Was Admiral Yamamoto was an early wargamer?Posted: March 10, 2016
Some years ago, whilst I was doing research into Jane’s Naval War Game, I acquired a photocopy of the 1901 edition of the rules. It included a section entitled REPORT OF A LARGE COMBINED TACTICAL AND STRATEGIC “WAR” PLAYED AT PORTSMOUTH AND ELSEWHERE IN MARCH, APRIL AND MAY 1900. Amongst the players listed as taking part is a certain “Rear Admiral” Yamamoto (i.e. a young Japanese naval officer stationed in the UK at the time) who commanding the Dupuy de Lomé, the Hertha, and the Jémappes during the opening moves of the war.
(It is interesting to note the following fates of these ships:
- Dupuy de Lomé: Totally disabled in engine room
- Hertha: Sunk by gunfire
- Jémappes: Little hurt.)
It would be great to think that this “Rear Admiral” Yamamoto was in fact Isoroku Yamamoto … but unfortunately my researches seem to indicate that it cannot be. Yamamoto was born Isoroku Takano in 1884, and only became Isoroku Yamamoto in 1916, when he was adopted into the Yamamoto clan in order to ensure that the family name did not die out. Furthermore he did not graduate from the Imperial Japanese Navy Academy as a Midshipman until 1904, just in time to serve aboard the armoured cruiser Nisshin during the Russo-Japanese War. He was wounded at the Battle of Tsushima, and lost the index and middle finger on his left hand.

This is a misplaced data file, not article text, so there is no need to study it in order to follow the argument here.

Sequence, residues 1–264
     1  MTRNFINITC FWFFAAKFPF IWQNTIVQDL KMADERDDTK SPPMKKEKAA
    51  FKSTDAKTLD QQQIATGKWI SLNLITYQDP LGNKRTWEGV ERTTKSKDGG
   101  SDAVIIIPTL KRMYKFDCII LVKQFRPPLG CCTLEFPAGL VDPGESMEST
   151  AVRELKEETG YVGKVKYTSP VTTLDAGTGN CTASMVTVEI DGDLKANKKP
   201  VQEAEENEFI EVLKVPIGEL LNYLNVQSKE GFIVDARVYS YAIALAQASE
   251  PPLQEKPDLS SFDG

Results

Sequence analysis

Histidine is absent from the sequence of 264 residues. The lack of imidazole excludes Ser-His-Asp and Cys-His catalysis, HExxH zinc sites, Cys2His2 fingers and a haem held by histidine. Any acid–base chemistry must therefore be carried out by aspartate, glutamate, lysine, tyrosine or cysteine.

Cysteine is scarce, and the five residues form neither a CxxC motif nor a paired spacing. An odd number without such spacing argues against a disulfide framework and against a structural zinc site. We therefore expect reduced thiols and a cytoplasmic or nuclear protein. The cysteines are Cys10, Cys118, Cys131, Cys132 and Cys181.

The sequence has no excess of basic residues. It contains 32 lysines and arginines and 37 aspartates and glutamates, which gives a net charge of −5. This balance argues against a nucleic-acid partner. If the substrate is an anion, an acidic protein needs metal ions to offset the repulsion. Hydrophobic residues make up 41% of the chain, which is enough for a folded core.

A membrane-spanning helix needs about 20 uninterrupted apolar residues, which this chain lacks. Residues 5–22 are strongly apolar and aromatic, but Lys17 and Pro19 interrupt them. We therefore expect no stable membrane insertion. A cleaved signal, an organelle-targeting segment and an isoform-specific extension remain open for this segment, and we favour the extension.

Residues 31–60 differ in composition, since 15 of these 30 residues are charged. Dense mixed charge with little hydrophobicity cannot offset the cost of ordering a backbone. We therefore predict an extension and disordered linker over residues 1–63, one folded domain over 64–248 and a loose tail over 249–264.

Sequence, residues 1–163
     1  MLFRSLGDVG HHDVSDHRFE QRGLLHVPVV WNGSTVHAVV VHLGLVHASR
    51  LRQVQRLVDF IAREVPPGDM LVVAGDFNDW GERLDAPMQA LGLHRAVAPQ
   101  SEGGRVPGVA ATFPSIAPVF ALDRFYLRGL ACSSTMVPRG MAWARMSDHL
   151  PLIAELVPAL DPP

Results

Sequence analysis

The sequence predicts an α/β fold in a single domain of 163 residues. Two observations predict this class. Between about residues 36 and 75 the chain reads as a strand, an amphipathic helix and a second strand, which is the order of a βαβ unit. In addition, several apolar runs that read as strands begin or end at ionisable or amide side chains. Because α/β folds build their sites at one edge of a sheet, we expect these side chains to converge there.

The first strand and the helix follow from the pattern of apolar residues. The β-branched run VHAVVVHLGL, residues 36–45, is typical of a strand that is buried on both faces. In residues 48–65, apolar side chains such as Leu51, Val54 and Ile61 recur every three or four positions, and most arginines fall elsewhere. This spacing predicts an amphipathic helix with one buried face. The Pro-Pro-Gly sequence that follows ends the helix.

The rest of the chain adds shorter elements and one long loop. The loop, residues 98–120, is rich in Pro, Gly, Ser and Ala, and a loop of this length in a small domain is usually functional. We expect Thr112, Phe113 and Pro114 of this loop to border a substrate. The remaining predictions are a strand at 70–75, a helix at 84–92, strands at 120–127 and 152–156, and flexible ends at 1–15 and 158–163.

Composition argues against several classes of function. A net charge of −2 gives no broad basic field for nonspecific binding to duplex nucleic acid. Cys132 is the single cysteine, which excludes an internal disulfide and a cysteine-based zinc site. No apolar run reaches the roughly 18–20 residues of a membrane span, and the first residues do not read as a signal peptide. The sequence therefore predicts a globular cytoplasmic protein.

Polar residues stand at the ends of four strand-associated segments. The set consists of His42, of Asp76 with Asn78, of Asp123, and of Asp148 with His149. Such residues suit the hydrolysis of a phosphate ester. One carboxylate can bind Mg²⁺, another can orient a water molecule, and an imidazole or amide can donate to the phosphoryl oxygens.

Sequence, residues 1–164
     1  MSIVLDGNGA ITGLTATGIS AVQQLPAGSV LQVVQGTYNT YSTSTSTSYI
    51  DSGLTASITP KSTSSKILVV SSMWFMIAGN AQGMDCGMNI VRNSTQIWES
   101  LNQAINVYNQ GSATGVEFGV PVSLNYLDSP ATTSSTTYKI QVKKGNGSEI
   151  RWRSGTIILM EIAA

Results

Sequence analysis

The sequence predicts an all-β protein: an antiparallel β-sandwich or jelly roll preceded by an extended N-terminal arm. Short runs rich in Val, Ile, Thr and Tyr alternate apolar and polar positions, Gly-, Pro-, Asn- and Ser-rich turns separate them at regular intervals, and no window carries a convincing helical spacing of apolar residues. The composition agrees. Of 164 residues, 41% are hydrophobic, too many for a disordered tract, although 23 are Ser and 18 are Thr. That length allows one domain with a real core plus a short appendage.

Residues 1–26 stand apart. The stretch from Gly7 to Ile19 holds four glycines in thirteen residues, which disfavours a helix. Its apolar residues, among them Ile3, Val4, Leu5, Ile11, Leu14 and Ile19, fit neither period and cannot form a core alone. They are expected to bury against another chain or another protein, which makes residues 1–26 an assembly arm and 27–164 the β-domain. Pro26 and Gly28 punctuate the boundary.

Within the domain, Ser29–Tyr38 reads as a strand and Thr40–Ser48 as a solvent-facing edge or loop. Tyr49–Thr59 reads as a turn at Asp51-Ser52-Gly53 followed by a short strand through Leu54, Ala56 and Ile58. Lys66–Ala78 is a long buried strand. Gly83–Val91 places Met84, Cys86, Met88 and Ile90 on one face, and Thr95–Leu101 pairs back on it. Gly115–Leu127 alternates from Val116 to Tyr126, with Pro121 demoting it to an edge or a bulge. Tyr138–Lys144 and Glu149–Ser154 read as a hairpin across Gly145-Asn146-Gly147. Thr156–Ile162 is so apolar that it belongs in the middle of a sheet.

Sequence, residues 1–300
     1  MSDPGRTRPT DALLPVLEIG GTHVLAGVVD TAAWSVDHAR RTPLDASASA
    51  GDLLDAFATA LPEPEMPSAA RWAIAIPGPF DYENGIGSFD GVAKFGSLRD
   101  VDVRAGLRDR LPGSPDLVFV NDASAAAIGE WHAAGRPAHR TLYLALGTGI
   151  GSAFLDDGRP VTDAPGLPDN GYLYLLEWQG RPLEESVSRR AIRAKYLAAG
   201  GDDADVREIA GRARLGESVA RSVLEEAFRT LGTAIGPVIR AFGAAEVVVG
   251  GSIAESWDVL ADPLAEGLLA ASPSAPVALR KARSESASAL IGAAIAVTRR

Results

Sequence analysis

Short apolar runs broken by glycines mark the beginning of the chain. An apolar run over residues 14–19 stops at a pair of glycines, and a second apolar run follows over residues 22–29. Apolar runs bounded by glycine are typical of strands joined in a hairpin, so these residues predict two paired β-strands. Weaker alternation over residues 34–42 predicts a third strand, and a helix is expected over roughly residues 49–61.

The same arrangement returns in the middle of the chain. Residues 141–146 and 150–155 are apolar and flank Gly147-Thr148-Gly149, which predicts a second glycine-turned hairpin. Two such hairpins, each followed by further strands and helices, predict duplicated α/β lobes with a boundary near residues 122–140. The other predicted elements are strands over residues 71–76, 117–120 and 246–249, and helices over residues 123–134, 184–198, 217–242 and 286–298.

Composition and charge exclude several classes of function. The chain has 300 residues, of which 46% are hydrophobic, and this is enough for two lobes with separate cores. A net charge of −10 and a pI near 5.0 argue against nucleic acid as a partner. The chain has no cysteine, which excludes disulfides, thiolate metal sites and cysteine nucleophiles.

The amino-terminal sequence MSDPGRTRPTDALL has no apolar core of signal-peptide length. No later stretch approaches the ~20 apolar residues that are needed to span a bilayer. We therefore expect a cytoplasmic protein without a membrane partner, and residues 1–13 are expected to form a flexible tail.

It would therefore appear that these two Yamamotos cannot be one and the same person … which is a great pity as it would have made for a great bit of wargaming trivia. That said, Yamamoto was a renowned games player and gambler (he is reputed to have enjoyed playing Go, shogi, billiards, bridge, mah jong, and poker) and the Imperial Japanese Navy used naval war games right up until the end of World War II, so he must have taken part in naval wargames during his career … but not in Portsmouth in the early 1900s!
A scene from the film ‘Tora! Tora! Tora!‘ showing officers of the Imperial Japanese Navy taking part in a naval war game prior to the attack on Pearl Harbour. Whilst it makes for a dramatic film sequence, it is doubtful that the participants would have sat in neat rows as shown in this shot. It is far more likely that the post-game debrief would have looked like this.